Police say a 36-year-old woman is in custody Monday after allegedly stabbing a 71-year-old man at the Seven Oaks Shopping Centre in Abbotsford. Abbotsford Police Department spokesperson Sgt. Judy Bird says after officers arrived, they witnessed the woman stab the man in the back with a knife. Bird says the woman is not an Abbotsford resident and is still in custody with charges pending.

  • News
    CBC

    UBC prof complainants 'devastated' he was back on campus this term

    A woman who alleges she was sexually harassed and another who alleges she was groped by University of B.C. psychology professor Dr. Stephen Porter say they were "devastated" to find out he was back on campus this semester. An investigation commissioned by UBC in 2017 found that, in the alleged harassment case, the relationship between Porter and the student was consensual — although it did violate the university's conflict of interest rules. In the alleged groping case, the same investigator found Porter did touch the complainant, but he was too drunk to form sexual intent.

  • Sharapova back in Oz, joins Federer, Djokovic in 2nd round
    News
    The Canadian Press

    Sharapova back in Oz, joins Federer, Djokovic in 2nd round

    It wasn't Maria Sharapova's choice to miss the last Australian Open. The five-time major champion said it was her choice to return, though, and she relished every moment of it in Tuesday's 6-1, 6-4 victory over Tatjana Maria. "With that choice I know that I face difficulties and challenges on the court, and that I start from no ranking and that I might start on some outside courts, and I understand that and that's part of the process," said Sharapova, who was a contentious choice to represent the women's champions last week at the official draw.

  • It's 'really problematic' to blame foreigners for housing crisis, says UBC sociologist
    News
    CBC

    It's 'really problematic' to blame foreigners for housing crisis, says UBC sociologist

    Last week, leader of the B.C. Greens Andrew Weaver called on the province to follow in New Zealand's footsteps and limit property ownership to residents. Nathan Lauster, an associate professor of sociology at UBC and a blogger on city issues, says banning foreign investment misses the larger issue of local real estate speculation. "We've been led to believe that effectively foreign buyers are all speculators, investors and vacation-home owners while everyone who is in Canada is living in property they own," he said.

  • 'We need to start now': Grande Prairie public schools want a jump on booming population
    News
    CBC

    'We need to start now': Grande Prairie public schools want a jump on booming population

    The Grande Prairie Public School District wants to get ahead of a growth spurt in enrolment by advocating for enough new schools to keep up with the city's booming population. Since 2010, enrolment has risen by more than 20 per cent, said district superintendent Sandy McDonald. The numbers are in line with the growing population of Grande Prairie.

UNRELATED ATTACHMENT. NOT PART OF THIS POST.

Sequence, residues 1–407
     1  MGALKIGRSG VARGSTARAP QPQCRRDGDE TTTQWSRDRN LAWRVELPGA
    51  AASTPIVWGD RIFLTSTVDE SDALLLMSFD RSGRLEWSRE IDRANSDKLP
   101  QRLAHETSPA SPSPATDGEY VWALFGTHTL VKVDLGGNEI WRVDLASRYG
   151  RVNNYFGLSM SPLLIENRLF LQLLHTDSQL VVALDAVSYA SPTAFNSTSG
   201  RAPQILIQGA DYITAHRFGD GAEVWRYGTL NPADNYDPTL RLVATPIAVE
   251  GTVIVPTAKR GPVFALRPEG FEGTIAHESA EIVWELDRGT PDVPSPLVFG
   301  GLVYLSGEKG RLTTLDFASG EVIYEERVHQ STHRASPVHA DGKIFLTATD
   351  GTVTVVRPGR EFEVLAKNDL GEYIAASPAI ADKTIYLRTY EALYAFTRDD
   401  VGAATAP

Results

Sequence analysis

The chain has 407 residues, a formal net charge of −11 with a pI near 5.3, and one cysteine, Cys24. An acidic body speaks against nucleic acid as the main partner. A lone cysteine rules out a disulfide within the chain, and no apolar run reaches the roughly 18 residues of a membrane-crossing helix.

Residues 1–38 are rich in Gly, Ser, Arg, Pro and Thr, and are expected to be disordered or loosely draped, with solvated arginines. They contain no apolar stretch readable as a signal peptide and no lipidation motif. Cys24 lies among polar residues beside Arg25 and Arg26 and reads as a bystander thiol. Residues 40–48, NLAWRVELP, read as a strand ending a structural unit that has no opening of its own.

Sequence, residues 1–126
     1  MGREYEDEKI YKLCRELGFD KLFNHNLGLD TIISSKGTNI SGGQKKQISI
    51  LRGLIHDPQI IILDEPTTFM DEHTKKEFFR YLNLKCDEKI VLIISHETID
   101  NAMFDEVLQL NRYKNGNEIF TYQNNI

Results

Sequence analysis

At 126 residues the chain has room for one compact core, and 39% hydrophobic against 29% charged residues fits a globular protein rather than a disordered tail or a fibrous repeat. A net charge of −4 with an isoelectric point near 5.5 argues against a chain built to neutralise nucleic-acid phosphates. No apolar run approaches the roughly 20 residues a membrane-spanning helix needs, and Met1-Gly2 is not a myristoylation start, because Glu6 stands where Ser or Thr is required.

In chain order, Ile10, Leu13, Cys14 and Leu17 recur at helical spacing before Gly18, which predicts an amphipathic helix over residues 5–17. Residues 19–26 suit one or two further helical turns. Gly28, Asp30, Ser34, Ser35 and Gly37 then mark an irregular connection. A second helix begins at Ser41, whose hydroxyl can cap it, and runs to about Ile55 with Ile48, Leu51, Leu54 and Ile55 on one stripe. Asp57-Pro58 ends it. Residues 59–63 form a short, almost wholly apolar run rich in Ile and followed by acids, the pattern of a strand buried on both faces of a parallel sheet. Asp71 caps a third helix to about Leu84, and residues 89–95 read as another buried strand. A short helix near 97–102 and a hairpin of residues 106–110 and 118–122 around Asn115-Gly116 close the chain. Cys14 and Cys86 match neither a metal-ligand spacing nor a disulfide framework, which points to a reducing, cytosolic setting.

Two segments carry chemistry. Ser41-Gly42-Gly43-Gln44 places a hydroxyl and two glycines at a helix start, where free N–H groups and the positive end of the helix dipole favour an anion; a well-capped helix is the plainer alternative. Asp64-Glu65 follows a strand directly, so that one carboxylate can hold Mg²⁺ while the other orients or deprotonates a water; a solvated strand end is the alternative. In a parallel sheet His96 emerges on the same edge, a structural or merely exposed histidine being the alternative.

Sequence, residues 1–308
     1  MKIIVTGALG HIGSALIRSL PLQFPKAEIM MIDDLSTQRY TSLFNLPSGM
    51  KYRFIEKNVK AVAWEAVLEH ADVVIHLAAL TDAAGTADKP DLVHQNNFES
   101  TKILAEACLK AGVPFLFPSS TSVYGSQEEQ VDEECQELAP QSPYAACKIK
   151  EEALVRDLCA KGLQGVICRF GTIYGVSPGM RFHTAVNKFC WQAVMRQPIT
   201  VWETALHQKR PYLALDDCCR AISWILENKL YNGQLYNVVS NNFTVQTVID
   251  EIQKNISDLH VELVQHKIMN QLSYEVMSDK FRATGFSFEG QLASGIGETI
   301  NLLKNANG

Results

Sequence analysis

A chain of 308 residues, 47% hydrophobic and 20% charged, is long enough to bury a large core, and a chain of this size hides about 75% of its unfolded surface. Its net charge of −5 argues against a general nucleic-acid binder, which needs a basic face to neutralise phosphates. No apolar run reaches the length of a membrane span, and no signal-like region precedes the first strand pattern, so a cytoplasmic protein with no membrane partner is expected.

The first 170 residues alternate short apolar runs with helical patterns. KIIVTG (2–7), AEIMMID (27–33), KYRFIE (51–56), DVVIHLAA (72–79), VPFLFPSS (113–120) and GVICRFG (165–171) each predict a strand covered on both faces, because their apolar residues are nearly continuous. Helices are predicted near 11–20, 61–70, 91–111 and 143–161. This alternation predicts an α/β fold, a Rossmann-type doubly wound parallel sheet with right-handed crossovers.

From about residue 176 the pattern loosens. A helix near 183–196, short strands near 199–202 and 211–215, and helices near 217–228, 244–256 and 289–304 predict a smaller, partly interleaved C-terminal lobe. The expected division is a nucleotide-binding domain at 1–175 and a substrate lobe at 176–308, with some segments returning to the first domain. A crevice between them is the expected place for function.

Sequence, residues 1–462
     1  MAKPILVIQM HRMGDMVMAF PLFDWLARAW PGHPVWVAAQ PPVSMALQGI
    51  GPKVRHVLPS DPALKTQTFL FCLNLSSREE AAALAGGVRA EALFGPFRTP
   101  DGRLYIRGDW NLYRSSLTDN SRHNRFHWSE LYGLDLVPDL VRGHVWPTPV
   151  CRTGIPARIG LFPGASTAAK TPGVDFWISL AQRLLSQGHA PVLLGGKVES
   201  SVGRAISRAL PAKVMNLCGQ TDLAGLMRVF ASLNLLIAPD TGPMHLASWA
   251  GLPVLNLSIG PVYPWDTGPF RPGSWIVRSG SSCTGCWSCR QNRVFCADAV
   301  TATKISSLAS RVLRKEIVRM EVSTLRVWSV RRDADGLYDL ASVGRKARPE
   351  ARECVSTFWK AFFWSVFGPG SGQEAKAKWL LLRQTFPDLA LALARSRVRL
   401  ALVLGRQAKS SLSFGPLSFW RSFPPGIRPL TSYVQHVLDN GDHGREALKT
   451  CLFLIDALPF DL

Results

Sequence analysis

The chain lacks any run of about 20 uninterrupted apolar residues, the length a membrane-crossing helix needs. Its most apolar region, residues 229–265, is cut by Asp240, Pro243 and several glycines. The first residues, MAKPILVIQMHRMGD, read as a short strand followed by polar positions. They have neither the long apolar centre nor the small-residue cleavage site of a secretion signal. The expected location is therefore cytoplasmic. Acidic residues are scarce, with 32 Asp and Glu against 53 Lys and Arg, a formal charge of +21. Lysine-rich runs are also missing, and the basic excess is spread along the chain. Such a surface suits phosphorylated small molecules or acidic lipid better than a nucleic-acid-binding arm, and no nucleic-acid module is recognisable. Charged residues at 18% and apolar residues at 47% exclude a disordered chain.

• Gesundheit! Stifling a sneeze can cause injuries in rare cases, experts say
    News
    The Canadian Press

    Gesundheit! Stifling a sneeze can cause injuries in rare cases, experts say

    One of the most serious is detailed in the journal BMJ Case Reports, published online Monday, in which a 34-year-old man from the United Kingdom ruptured his throat after pinching his nose and clamping his mouth shut to contain a forceful sneeze. "This tear in the throat is incredibly unusual," said Dr. Douglas Chepeha, an ear, nose and throat (ENT) specialist at University Health Network in Toronto. Impeding the release of air from the nose and mouth during a sneeze could rapidly increase the pressure in the lungs, forcing the air out and trapping it in the chest between the lungs — a  condition known as pseudomediastinum.

  • Charges laid after front-end loader tears into home, then stops at liquor store
    News
    CBC

    Charges laid after front-end loader tears into home, then stops at liquor store

    A 51-year-old man is facing several charges after he allegedly used a front-end loader to partially demolish a North Sydney, N.S., home early Monday morning and then drive to a local liquor store with police in pursuit. The pole was damaged and the side of a house was ripped apart.

  • News
    CBC

    Welcome to the neighbourhood. Have you read the terms of service?

    The L-shaped parcel of land on Toronto's eastern waterfront known as Quayside isn't much to look at. There's a sprawling parking lot for dry-docked boats opposite aging post-industrial space, where Parliament Street becomes Queens Quay. To its south is one of the saddest stretches of the Martin Goodman trail, an otherwise pleasant running and biking route that spans the city east to west.

  • Mill River owner testifies he trusted province to clear title with Mi'kmaq
    News
    CBC

    Mill River owner testifies he trusted province to clear title with Mi'kmaq

    The province announced the sale of the Mill River golf course, fun park, camp ground and resort to McDougall in January 2017. The two Mi'kmaq bands on the Island are challenging the sale. The Lennox Island and Abegweit bands claim the entire province as unceded territory, and the constitution requires meaningful consultation on the sale of Crown land.

  • Windsor council trims operating budget tax increase to 0.9%
    News
    CBC

    Windsor council trims operating budget tax increase to 0.9%

    Property taxes in Windsor are going up, but just by 0.9 per cent. Windsor city council sat all afternoon and most of the evening Monday, but in the end, managed to pass the 2018 operating budget with less than half of the increase proposed at the beginning of the meeting. City administration started the day looking at a 2.1 per cent tax increase, down from the 2.6 per cent increase originally proposed to cover the $800 million operating budget and $643 million capital budget.

  • PBOC official says China's centralized virtual currency trade needs to end: source
    News
    Reuters

    PBOC official says China's centralized virtual currency trade needs to end: source

    A senior Chinese central banker says authorities should ban centralized trading of virtual currencies as well as individuals and businesses that provide related services, an internal memo from a government meeting seen by Reuters showed. In the memo outlining details of discussions at a meeting of internet regulators and other policymakers last week, PBOC Vice Governor Pan Gongsheng said the government would continue to apply pressure to the virtual currency trade and prevent the build up of risks in that market. National and local authorities should ban venues that provide centralized trading of virtual currencies, of which bitcoin is the biggest, Pan said.

  • News
    The Canadian Press

    Teen caught in crossfire on Vancouver street has died: coroner's service

    Vancouver police have assigned more than 50 officers to the investigation of a brazen gunfight that killed a 15-year-old boy after he was struck by a bullet while passing in a vehicle with his family. BC Coroners Service spokesman Andy Watson confirmed the teen died Monday following the shooting on Saturday evening. Adam Palmer said.